Albion Monitor /Features
 Alien Invaders: Insects interrupt the food chain

Flotilla of Fleas

by Elaine Hopkins

The entire ecosystem of the rivers and lakes could be affected

Quietly, invisibly, a tiny invading army has drifted up the Mississippi River and into the Illinois River enroute to a prized destination: the Great Lakes.

Not the first invader to take this route, and probably not the last, this newest outsider penetrating the North American waterways is a one-eyed water flea, barely a quarter of an inch long. But its arrival has set off concern among scientists working at the Illinois Natural History Survey's field station at Havana, Illinois.

The creature carries the potential to displace native water fleas, a type of plankton or algae, said agency scientist Jim Stoeckel. And if that happens, the entire ecosystem of the rivers and lakes could be affected, as larval fish lose a food source and starve in infancy.

The invader is native to regions of Africa, Asia and Australia. It's bigger than native water fleas and different. Stoeckel described it as a "giant pincushion," compared with other water fleas.

"One long spine protrudes from the head, another from the tail end. Smaller spines cover the body," he wrote, in a paper first published on the agency's home page on the Internet.

Known by its scientific name of daphnia lumholtzi, the invader was found last year as far up river as Henry and Hennepin in Illinois. "That's the northernmost population that's been detected so far," said Stoeckel. "We're on the fringe of this advance. How far north they're going to expand we don't know yet."

The new invader joins many other exotic species entering North American waterways from elsewhere

Like native water fleas, the spiny invader sits near the bottom of the river food chain. Larval fish rely on water fleas for their food source until they grow big enough to feast on other items. Eventually they grow into game fish prized by anglers, eagles, and other creatures at the top of the food chain.

But first these tasty fish must survive the larval stage, and that survival depends on the food supply, Stoeckel said.

If the invasive water flea begins to replace native water fleas, the larval fish could starve, the scientists believe. That's because the invader's size and spines rule it out as lunch for a larval fish. So the invader may have no natural enemies to check its population.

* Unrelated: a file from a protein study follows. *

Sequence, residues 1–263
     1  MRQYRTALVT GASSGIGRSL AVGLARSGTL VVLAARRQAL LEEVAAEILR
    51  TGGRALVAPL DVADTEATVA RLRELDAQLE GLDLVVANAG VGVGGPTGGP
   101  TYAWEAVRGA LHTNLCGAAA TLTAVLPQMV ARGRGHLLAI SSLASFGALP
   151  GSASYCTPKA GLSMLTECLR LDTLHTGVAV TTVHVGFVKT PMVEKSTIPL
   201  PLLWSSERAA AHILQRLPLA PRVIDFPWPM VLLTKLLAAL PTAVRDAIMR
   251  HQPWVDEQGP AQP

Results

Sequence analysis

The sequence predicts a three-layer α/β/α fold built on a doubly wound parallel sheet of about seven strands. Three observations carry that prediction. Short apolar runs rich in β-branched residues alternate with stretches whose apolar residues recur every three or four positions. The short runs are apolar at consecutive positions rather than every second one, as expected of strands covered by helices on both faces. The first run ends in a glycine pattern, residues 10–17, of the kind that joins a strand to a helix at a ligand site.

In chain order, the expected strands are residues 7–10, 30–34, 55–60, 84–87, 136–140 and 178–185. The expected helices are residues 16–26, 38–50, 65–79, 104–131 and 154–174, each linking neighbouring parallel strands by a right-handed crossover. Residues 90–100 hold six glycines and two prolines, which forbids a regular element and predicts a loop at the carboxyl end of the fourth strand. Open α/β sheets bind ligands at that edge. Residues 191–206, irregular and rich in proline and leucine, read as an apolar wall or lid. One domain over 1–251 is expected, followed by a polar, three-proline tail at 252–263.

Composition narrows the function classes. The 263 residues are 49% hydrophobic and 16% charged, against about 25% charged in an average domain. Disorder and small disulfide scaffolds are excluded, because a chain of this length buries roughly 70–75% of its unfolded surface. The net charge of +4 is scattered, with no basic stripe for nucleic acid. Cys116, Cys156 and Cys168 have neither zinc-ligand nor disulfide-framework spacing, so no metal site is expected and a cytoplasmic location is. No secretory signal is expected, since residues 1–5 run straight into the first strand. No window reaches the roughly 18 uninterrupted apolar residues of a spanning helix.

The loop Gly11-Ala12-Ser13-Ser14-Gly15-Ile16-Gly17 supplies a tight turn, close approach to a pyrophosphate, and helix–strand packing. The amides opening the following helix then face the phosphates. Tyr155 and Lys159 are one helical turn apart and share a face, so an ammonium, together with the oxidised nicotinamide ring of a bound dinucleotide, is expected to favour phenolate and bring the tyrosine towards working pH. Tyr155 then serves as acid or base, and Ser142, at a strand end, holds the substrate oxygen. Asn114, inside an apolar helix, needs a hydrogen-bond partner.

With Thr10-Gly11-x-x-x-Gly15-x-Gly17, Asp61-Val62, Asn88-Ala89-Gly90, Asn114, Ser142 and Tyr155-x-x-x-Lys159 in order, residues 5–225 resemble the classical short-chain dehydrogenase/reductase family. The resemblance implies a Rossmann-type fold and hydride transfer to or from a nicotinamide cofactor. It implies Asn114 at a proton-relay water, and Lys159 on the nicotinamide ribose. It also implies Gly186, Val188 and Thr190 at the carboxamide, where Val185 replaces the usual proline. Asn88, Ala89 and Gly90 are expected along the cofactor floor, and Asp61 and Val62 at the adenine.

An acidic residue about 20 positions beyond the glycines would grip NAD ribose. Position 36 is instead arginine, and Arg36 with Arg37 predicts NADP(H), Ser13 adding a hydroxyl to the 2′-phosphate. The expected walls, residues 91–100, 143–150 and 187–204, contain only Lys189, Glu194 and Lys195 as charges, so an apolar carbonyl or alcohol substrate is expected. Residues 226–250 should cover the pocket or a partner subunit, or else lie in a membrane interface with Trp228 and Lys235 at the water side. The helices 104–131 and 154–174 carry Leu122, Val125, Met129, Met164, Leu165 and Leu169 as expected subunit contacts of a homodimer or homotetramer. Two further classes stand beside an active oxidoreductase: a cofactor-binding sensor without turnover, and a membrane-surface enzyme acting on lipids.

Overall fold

"In a worst-case scenario, this could result in a decrease in numbers of sport and food fish," Stoeckel wrote.

Another agency scientist, Doug Blodgett, said so little is known about this creature that it doesn't even have a nickname. It won't be called "spiny," he said. A native water flea is already known as the spiny water flea.

Blodgett was not sure whether any river dwellers would eat the prickly invader. If the spines drive predators away, the critter has a survival advantage, he said.

"They could become the predominate species," said Stoeckel. "They could outcompete the natives."

Scientists also do not know the range of water temperatures the invader can withstand, said Stoeckel, but no one wants it colonizing the Great Lakes. Even though Lake Michigan could prove too cold, Lake Erie is warmer and might provide a suitable habitat, with subsequent impact on fish, he said.

The invading water flea can be seen by the human eye, but its tiny size and lack of pigment make viewing difficult. Though ugly, it's apparently harmless to humans, Stoeckel said, and would harmlessly pass through anyone unwittingly gulping a mouthful of river water.

The new invader joins many other exotic species entering North American waterways from elsewhere, he said, including the zebra mussel. At least this invading water flea hasn't threatened to shut down power plants, or carpeted its newly acquired territory. Yet.

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Albion Monitor March 10, 1996 (

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